If MLK's life and career were taking place today, he probably would not be assassinated. And that's a bad sign.
One of the most insidious challenges we face in the fight for equality is the quasi-progressive notion that America has "grown up" and is now "post-racial." Yes, we've replaced Jim Crow with Civil Rights; yes, there has been a general shift in attitude toward interracial couples, integration of work forces and schools, and so on. But speaking as a white man, I submit that among many whites who are sympathetic to it, the general "pro-black" attitude is nothing more than a fad. We listen to rap, and admire black athletes, eat soul food, even hit all the right talking points . . . we integrate when and where we're told to do so.
But have our habits really changed? Do we think of "ourselves" as blacks-and-whites, one big community? Do we make even nominal efforts, of our own accord, to eradicate the Othering disease of segregation, in our neighborhoods, our businesses, our daily dealings . . . our own minds? Do we seek to understand and celebrate diversity in a manner that extends beyond cherry-picking cultural appropriation?
Instead, it seems, we have simply adopted an unchallenging, laissez-faire attitude toward improving race relations. In the name of tolerance, we have steadfastly maintained an integration that ultimately is superficial by definition -- as long as the pro-diversity trappings are visible in some nebulous form, we are content; we rarely insist on unpacking the depth and seriousness of what real, inward integration means.
Why haven't Barber, and Coates, and Garza, Tometi, and Cullors, and so many others, been awarded the same household-name status that MLK was? Probably in part it's because King occupies his own stratosphere. But maybe it's also because in the twenty-first century, even supposedly "pro-black" white America sees these figures and says, "Good for them. The black community needs such leaders. I'm so glad someone is doing that important work."
As if we have no part in the work. As if it's not a segment of our own community that suffers and needs healing and guidance; as if it's not another part of our own community that has caused -- is causing -- the suffering. As if the problem, and thus the solution, are confined to the victimized group, and not the direct result of that group's intersection and involvement with our own. Hey, we're not suffering, so why should we get involved?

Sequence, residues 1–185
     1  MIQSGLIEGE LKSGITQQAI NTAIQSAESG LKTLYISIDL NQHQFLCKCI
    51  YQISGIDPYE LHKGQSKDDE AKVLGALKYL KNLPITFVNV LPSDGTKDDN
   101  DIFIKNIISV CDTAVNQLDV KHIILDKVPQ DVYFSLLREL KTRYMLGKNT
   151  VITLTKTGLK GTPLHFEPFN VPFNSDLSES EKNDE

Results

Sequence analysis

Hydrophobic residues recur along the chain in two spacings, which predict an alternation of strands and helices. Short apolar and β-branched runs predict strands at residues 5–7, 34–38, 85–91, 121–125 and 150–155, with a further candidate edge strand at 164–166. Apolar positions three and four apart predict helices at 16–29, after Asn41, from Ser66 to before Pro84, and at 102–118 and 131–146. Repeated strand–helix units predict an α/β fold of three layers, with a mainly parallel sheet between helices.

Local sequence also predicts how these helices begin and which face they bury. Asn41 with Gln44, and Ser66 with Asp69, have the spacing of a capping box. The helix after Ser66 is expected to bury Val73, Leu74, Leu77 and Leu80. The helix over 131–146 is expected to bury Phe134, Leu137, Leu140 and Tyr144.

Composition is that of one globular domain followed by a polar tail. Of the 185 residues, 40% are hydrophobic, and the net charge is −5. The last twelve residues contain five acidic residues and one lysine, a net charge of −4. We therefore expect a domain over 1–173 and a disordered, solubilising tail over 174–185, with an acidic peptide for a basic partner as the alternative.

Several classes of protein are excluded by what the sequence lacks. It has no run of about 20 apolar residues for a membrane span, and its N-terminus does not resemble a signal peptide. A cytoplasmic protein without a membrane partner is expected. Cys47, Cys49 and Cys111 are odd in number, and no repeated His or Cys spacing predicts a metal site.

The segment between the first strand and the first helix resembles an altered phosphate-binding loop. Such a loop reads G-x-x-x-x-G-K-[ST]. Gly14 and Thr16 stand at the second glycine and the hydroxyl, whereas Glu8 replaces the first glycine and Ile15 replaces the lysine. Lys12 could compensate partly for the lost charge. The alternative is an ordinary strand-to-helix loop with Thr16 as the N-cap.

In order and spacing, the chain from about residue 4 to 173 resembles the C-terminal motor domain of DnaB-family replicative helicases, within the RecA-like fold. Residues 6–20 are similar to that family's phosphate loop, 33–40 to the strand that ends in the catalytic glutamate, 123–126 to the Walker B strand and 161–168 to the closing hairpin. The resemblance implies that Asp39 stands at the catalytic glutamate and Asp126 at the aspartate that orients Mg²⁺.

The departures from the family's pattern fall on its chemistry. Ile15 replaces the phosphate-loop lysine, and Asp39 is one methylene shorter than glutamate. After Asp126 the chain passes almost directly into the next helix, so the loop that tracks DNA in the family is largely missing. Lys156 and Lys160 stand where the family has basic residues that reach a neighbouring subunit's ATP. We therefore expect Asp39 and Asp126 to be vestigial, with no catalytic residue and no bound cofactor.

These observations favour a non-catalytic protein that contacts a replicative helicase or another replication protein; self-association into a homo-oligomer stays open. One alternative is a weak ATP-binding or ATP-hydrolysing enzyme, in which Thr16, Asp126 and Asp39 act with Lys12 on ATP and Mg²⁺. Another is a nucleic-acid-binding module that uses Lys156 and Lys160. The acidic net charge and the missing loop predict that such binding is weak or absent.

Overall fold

This, my white friends, is privilege. Even in our most activist moments, we don a cause like a fashionable hat, briefly, until we exhaust our emotional reserves; then, when it suits us, we retreat to the comfort of our white, cushy cloud of isolation, so to recover from our (ahem) heartache. But the real victims never have such an option. When they're tired and dismayed, the job only gets harder; it never goes away. Retreat literally is not an option.
Let's ask ourselves: If MLK were working today, would we receive him as a true American leader? Or just as a really great black leader? Would he be worth the assassin's bullet in the eyes of his detractors, or just another liberal of color with an axe to grind?
What other desperately-needed voices are speaking passionately, but still languish behind their black skin and our self-gratifying veneer of tolerance?
Let's remind ourselves that this is not about us. Let's allow, indeed, invite those who suffer to speak for themselves. Let's entertain the possibility that such voices represent the best not just in "their" community, but in OURS -- all of ours. Let's let them be our voices, so that when we say "us," we include them.
Let's stop being easy-chair activists. If this is a cause we believe in, it's time to make real sacrifices in its name. It's time to change ourselves, even as we work to change the world.